So, what do you prefer, bouldering or lead climbing? I like both. I wish I could have done more bouldering though during the last trip to the north. There’s simply too much still waiting to be discovered in Ambongdolan and Camp 3 along Kennon Road. In the meantime there are just photos to remember the place by. At the same time I’m looking forward to tons of lead climbing in the following days.  

Saturday, April 2, 2016

Hello Kyoto

July 7, 2014.  Running half asleep is something I’m familiar with.  It’s the simple task of putting one foot ahead of the other repetitively while one eye is shut and half the consciousness is still dreaming.  Sometimes for brief stretches of unobstructed paths I can close both eyes and take a short nap while running, that is about ten to fifteen full strides between blinks.  I have yet to take that to the next level, maybe go for a full minute. This happens when I’m forced to get out of bed very, very early in the morning out of intense need to keep to a strict running routine.  It was exactly what I had to do the morning of the day we were scheduled to visit Kyoto University.  We had to leave earlier than usual to make the long train ride from Osaka to Kyoto.   

We met up with Professor Kazu at the train station and walked together to Kyoto University where he gave a presentation of the current studies he and his colleagues were doing. They conducted a field research in the typhoon Haiyan struck regions of Tacloban and were in the process of studying material resiliency and reaction to violent wind movement during typhoons.  Together with the U.P. College of Architecture, data from the experiments would be used for design applications for the purpose of assessment and the redesign of facilities for sustainable typhoon resistant structures in the Philippines.

Shortly after the presentation we visited the enormous wind tunnel testing lab housed in one of the buildings inside the campus.  We were given the chance to experience typhoon wind speeds by standing in direct path of the windblast coming from the massive turbine.  Our hair wafted with the generated wind deforming the skins over our faces.  It was amusing until I realized the business of studying typhoons is something we Filipinos should be conducting ourselves.  Nothing was mediocre about the lab.  It screamed serious and as we moved on to another section of the facility my deepest thoughts rested on why something so simple was still impossible to do in the Philippines.  

They showed us a huge projectile gun shooting off, in a controlled manner, wood, rock, and metal replicating loose materials blown away by wind during a typhoon.   It shot objects onto walls and barriers made of materials based on actual field studies in Tacloban.  The campus was equipped to the teeth with the tools needed for such research.  The UP College of Architecture and Kyoto University promised to work together in hopes of coming up with viable solutions proven by solid data aiming to amplify the resiliency of future structures against typhoons in our region. 

After the staggering and impressive display of precise data collection we relaxed our academic minds with a visit to the temples in the area.  We walked up Kiyomizudera Temple or roughly translated to English as “Pure Water Temple.”  Kiyomizudera rested on top of a steep approach that overlooked Kyoto from the Higashiyama district, a busy street lined with shops and restaurants that serviced all those who visited the temple for centuries.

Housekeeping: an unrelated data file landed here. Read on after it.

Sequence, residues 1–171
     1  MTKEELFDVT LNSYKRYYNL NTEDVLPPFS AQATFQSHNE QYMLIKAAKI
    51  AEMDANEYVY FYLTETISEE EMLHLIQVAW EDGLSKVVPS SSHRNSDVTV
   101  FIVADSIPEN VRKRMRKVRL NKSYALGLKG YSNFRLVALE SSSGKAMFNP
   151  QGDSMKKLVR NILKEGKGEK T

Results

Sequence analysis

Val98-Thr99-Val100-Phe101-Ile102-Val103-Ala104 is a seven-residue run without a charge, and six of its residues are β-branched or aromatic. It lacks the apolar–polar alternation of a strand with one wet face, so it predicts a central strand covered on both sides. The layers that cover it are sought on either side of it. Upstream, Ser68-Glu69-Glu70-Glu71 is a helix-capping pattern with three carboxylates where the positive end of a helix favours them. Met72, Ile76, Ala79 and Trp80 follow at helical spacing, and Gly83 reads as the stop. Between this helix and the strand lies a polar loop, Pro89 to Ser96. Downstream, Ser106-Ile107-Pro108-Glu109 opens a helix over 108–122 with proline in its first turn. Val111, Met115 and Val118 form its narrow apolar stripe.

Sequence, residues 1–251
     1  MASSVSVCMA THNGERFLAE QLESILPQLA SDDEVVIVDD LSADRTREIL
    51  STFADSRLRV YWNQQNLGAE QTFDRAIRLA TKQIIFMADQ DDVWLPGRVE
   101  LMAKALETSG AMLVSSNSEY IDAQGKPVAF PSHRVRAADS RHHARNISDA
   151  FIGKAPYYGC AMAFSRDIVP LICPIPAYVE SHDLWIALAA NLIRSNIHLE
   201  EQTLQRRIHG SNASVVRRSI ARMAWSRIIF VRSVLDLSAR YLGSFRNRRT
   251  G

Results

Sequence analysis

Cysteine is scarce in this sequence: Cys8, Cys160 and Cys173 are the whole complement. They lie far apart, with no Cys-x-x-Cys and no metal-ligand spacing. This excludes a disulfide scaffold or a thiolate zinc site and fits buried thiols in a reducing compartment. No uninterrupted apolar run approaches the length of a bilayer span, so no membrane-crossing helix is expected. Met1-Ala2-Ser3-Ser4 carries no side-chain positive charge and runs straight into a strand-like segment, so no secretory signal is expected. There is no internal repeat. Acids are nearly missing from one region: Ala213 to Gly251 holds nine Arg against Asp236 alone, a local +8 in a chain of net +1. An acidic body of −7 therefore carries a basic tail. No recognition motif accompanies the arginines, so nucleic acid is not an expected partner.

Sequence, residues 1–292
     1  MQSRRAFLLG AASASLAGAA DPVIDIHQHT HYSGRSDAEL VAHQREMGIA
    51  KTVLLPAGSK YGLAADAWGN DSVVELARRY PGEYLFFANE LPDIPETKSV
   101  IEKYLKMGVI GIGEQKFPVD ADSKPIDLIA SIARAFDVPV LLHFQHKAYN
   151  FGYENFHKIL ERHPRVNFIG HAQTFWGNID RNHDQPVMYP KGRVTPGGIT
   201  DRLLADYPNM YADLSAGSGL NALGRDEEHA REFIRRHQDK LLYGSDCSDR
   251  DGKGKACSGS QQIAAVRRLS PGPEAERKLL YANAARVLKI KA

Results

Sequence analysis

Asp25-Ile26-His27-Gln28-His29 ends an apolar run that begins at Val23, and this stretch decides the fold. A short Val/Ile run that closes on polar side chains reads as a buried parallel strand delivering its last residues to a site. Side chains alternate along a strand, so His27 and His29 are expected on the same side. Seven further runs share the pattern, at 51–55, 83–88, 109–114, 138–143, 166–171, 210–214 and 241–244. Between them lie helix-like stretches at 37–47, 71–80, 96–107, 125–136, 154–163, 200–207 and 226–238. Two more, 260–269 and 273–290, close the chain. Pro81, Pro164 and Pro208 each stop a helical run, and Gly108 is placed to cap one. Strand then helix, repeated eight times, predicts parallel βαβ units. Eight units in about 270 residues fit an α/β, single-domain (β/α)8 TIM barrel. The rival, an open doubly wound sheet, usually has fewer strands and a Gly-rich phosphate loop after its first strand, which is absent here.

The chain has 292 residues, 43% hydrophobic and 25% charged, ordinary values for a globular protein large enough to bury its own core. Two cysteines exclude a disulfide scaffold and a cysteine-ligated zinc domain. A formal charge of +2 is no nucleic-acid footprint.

The main feature of the temple was the high wooden stage jutting out from the main hall. The stage rose 13 meters from the ground and was a construct of pure wood.  There weren’t any metal joiners, nails, and bolts.  Everything holding it together were made of wood, perhaps some already centuries old.  Eight to nine other buildings at the Kiyomizudera were undergoing renovation during our visit.  In the coming decade it could be expected that these would be completed and the entire complex of temples would generate an even greater impact and leave indelible impressions on all those who would visit.


A hefty sushi dinner followed after and we had to walk around the area to help our stomachs settle the large meal.  Another of Tadao Ando’s works was in the next block and so we again were able to experience his signature concept.  Ando’s works plays with the huge contrast of the heavy and the light.  He uses heavily grounded concrete construction allowing views and light from the outside to seep into Zen-like pockets of spaces within the building.  The simple angles of construction of Tadao Ando’s work are very minimalist.  They are almost sterile, evoking calm and peace.  It presented a huge contrast to the shopping district next to it with narrow streets and façades adorned with an impossible number of signs, colors, and designs rendering the place confusing with an explosion of detail.  

The streets of the old district were pedestrianized and were protected with uniform roof covering.  The place teemed of people scurrying for trinkets, food experiences, or services. We melded with the crowd and explored the place each on our own pace.  Time ran perceptively fast in such a setting.  It's a Peter Bosselman theory.  It wasn’t long before I found myself walking alone.  With the deepening darkness, the time ticking fast, and the looming early wake-up call the next day for our flight to Fukuoka, it would seem that I got lost but I honestly did not.  It, however, came at an inconvenience to all and so with all sincerity let it be written that I humbly and reverently apologise.  It does come with a priceless story however, something that I can foresee being told or at least remembered over and over.  There was worry and anxiety on Tong’s face, Guiab’s worried haste to look for me, and the unsettling wait at Starbucks with Professor Kazu not knowing what went wrong.